In early March, the 28th annual Women in Aviation International Conference was held in Orlando. (For the guys reading this, stay with me.) The conference attracted more than 4,500 attendees from 19 countries, 165 exhibiting companies, and featured astronauts, high-ranking, accomplished military aviators, and leaders in the airline and business aviation industry.
To be honest, I hadn’t been to a WAI event in many years, and had never attended the international convention. Having attended well north of a 100 air shows, conventions, regional meetings and fly-ins throughout my life and 30-year career, I didn’t expect it to be significantly different from other conferences I’ve attended in the past: There will be an exhibit hall, various speakers, a keynote address, a few awards and a banquet. Been there, done that.
Was I ever wrong.
What changed my perception was due to, in part, by the company I kept during the three-day event. A few weeks prior, I received a call from my daughter, who is a 2/C Midshipman at the U.S. Naval Academy. Abby is a private pilot, an aeronautical engineering major, and a member of the Academy’s Intercollegiate Flight Competition Team. She has her sights set on a Naval aviation career after graduating in 2018. Yep, she’s our slacker.
On the call, she excitedly told me that four Midshipman had been selected to attend the WAI conference, and she was one of them. Accompanied by two Academy officers (who are also Naval aviators), the group would have the opportunity to spend three days interacting with leaders from throughout the aviation spectrum, as well as mingle with other students interested in military and civilian aviation careers. The purpose, they were told, is to network among the wide swath of accomplished aviators and come home with a greater knowledge and appreciation of the various missions and fields within the broad industry we call aviation.
“Weren’t you planning to be there?” she asked. “Of course,” I answered as I punched “register now” on the WAI website.
Once we arrived for the first day, it quickly dawned on me that these young women – some of the brightest and most motivated people you’ll ever meet – had never in their lives been exposed to an opportunity quite like this. Every which way we turned, there were multiple generations of aviators who have done amazing things and were there to share their experiences and pay it forward. It was also interesting that there were nearly as many men in attendance as women. The conference serves as a job fair with the major airlines, fractional ownership companies and cargo haulers conducting in-person interviews for job openings.
We attended a panel of female Naval aviators who shared fascinating flying stories and life on deployment. We listened to recollections by three WASPs who are among the handful still with us. (One talked of towing targets for troops to practice anti-aircraft fire; sometimes their aim wasn’t very accurate.) We interacted with a NASA astronaut working on the mission to Mars; chatted with various military brass – men and women – in every branch of service; and heard from members of the first class of women Naval aviators. We also met executives and representatives from GA companies, such as Piper, Textron, Gulfstream, Bombardier, Bose and other products and services the Mids didn’t even know existed. Finally, we attended a flight suit social, where multiple generations of women military pilots – from 90-plus year old WASPs to current astronauts and Navy F/18 fighter pilots – hung out, shared stories, and provided advice and inspiration. Me, being the only one in civvies, could only marvel at this boisterous, upbeat (and sometimes salty) sisterhood of military pilots.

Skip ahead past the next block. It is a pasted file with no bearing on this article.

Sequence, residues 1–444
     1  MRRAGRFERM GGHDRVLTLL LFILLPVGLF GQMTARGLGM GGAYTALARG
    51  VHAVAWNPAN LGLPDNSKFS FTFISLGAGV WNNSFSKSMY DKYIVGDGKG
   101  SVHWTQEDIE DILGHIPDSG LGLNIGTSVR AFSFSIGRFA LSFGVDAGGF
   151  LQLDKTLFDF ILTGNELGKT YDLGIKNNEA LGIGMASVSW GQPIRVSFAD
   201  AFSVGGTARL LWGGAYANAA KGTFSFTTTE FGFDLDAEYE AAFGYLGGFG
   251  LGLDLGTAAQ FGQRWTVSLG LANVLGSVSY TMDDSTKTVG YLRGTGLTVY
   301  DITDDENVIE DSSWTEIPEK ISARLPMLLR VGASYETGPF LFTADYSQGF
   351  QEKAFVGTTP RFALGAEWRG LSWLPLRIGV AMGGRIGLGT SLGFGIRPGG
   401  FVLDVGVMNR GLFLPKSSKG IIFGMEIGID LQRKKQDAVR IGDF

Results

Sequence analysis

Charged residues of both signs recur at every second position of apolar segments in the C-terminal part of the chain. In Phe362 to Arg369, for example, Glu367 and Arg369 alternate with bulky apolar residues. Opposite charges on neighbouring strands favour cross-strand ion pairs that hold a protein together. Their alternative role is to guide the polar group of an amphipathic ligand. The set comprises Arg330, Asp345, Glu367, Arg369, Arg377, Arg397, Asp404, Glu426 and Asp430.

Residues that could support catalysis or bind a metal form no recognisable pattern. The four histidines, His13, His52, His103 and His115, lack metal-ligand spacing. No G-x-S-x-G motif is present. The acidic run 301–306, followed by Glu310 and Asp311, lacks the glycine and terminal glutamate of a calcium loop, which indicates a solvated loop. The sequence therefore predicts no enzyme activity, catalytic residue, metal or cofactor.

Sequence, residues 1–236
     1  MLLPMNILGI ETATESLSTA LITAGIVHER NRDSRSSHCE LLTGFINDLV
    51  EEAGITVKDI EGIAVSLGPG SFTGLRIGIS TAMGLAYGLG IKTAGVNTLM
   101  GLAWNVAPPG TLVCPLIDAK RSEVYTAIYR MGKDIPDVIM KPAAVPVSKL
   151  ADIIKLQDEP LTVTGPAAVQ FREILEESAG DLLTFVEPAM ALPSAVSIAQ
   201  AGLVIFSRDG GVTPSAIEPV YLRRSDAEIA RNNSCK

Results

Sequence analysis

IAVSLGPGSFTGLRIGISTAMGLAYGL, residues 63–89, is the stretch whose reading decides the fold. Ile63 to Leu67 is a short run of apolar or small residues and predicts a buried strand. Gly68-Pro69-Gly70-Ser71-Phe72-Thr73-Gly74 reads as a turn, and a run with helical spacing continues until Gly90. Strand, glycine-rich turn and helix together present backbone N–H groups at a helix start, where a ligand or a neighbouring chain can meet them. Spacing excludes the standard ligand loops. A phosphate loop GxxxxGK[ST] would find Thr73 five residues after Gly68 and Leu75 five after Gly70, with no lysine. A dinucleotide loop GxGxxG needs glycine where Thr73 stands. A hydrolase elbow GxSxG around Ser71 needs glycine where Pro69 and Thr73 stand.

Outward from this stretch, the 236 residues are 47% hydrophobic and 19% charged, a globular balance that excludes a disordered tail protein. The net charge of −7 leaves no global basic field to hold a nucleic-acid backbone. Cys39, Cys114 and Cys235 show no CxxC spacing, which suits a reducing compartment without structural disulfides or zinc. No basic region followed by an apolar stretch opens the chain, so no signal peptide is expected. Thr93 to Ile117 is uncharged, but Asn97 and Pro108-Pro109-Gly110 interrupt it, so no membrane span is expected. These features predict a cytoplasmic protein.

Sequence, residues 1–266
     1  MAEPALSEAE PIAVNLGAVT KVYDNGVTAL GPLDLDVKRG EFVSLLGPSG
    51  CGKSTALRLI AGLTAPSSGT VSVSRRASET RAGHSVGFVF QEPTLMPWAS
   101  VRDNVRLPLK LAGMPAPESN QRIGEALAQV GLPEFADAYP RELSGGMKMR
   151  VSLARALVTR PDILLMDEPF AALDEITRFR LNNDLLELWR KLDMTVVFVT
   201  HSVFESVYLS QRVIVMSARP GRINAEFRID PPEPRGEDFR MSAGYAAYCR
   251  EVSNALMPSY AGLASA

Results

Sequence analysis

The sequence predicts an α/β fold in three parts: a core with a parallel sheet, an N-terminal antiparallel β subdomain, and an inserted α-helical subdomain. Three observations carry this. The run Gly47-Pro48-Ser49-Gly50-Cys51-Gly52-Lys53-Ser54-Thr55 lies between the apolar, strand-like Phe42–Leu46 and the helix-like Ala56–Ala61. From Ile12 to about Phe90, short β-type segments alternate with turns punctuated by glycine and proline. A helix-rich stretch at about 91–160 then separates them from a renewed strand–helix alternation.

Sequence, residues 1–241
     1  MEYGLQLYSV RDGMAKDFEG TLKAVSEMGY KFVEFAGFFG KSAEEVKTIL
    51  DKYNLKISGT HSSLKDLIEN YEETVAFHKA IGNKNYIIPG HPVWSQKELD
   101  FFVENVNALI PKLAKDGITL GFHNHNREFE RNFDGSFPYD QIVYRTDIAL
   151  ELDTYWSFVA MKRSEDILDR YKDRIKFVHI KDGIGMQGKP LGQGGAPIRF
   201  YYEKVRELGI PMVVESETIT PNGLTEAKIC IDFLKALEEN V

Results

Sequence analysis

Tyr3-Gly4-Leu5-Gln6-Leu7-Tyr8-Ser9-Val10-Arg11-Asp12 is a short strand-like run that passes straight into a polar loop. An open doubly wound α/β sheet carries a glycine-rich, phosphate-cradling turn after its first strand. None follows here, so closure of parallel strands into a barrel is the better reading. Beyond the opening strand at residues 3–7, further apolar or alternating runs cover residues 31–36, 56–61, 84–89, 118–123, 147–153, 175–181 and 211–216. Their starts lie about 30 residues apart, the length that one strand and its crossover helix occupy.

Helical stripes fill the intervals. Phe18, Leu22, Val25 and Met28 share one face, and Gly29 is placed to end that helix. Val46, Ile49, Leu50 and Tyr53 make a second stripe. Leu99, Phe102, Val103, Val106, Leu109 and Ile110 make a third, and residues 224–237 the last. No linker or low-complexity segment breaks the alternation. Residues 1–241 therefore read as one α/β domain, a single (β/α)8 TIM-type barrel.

We also heard some disheartening news at the conference: Even with so many new opportunities and renewed focus on attracting women to STEM and aviation career fields, the needle hasn’t budged: While the number of women pilots steadily grew through the 1960s, 1970s and 1980s, the number women holding certificates has stayed statistically flat at around 6 percent over the last 30 years. The female military aviator is even more rare. Stats cited from a few years ago revealed women made up 2 percent of the Air Force, 1 percent of the Marine and 4 percent of the Navy pilots. The challenge remains how to encourage young women to explore the opportunities and adventure that awaits when they take the left seat.
Two obvious keys are exposure and mentorship. The WAI conference provided both for this small group of Midshipmen, allowing them to carry back deeper appreciation of the path of women aviation pioneers blazed before them. They also left with
the knowledge that many people have their backs as they move forward to pursue their aviation careers.
By the end of the three-day event, I realized I had been missing a lot all these years. Thank you Peggy Chabrain and WAI!